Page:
When it comes to their grocery bills, many readers are serious about saving the most possible money. Those who pay close attention to coupons start to notice some very interesting things. Listen in.
Q: "I've been using coupons more thanks to your column. I have noticed that anytime there is a holiday, even seemingly minor ones, we don't get any coupon inserts in the paper that week! What gives?"
A: You're absolutely right -- and kudos for being so observant about when coupons arrive. Most weeks I run out to my driveway in bare feet and pajamas to collect my coupons when the newspaper arrives. However, during weeks in which we've just had a holiday, I know I can get the paper at a more leisurely pace.
Why don't we get any coupons around holidays? It's simple, really -- we don't get coupons around holidays because of ... leftovers. Now, I know I have some gigglers and skeptics reading, but it's true. Let me explain.
Think about what happens before most holidays, whether it's a major holiday like Thanksgiving or Christmas, or even seemingly minor holidays like Labor Day and Memorial Day. What do we do in preparation for the holiday?
We buy food. We typically buy quite a bit of food. We may be entertaining for family or friends or perhaps just for our own household, but statistically, shoppers buy a great deal of groceries in the days leading up to a holiday.
Then, after the holiday passes, we eat leftovers. Why waste food? If your family's like mine, you tend to eat what's left in the fridge after big holiday feasts.
No matter what part of the country you live in, sales take a big dip at the grocery store after a holiday. Manufacturers have concluded it's not worth their while to put coupon inserts in the newspaper during the week after a holiday because of the way most people use their coupons. Statistically, most people cut and use coupons the week they receive them and toss the rest of the insert in the recycle bin. It's just economics. Manufacturers don't want to pay for something that won't be used.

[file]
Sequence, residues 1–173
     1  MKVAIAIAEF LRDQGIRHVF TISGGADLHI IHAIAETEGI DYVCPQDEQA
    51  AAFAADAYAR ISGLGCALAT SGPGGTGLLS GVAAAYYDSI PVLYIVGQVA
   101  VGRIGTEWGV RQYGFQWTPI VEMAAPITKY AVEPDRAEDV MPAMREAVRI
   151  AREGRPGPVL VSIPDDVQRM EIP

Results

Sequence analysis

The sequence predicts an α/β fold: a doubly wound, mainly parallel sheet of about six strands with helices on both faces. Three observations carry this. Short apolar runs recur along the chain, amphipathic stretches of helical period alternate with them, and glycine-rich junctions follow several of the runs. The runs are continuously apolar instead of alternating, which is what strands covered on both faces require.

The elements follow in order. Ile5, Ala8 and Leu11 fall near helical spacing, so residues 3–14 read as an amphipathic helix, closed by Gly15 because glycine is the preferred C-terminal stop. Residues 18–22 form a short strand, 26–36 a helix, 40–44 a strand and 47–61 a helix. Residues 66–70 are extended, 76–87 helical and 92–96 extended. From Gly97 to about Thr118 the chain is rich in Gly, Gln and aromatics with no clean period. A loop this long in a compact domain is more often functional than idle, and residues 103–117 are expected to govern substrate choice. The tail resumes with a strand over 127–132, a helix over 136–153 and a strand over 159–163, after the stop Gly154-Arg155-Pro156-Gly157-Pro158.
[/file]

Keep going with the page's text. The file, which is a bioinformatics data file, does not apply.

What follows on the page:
Of course, if you're a Super-Couponer, you know we do things a little differently. We save all of the coupon inserts each week, because we know the coupons inside don't necessarily line up to the best sales in the stores the week we receive them. And, in saving all of our inserts, we will have coupons available to us every week, even the "non-coupon" weeks after holidays.
Q: "We took a trip a few weeks ago to the city and our hotel had a complimentary copy of the city newspaper in our room. I was surprised to see how different the coupons were compared to my local newspaper at home. Of course, all those coupons went home with me! Do different papers always have different coupons?"
A: This is true all over the country. The larger newspapers serving a given market area will tend to offer coupons that are different from the ones from smaller, local newspapers. The coupon assortments may differ even in coupon inserts that have the same cover and name on the front. This certainly isn't the "fault" of either the larger or smaller newspapers, but rather has to do with the way the coupon inserts are marketed.
If a manufacturer wishes to run a certain coupon campaign, it may target a specific local area or it may wish to reach a wider base of readers. Coupons appear where big marketers want them to appear.
Sometimes, two newspapers in the same area may have coupons for the same product in the same week -- but the values on the coupons may be different. Recently, I saw two ads in the coupon inserts for baby food. One had a $1 coupon good for three jars of baby food. The other coupon offered "One free jar" of the same brand of baby food. The ads were strikingly similar, yet the coupons were very different.
I love coupons (no surprise to you at this point, I'm sure!) and I like to maximize the number and kind of coupons I have available to me, so I subscribe to two papers on Sundays, the day coupons typically run where I live. I receive my local paper every day of the week and on Sundays, when the coupons appear in the larger, city newspaper, I receive that, too. It's a small price to pay for double the coupons and double the savings.
Jill Cataldo, a coupon-workshop instructor, writer and mother of three, never passes up a good deal. Learn more about couponing at her web site, www.super-couponing.com. E-mail your couponing coups and questions to firstname.lastname@example.org.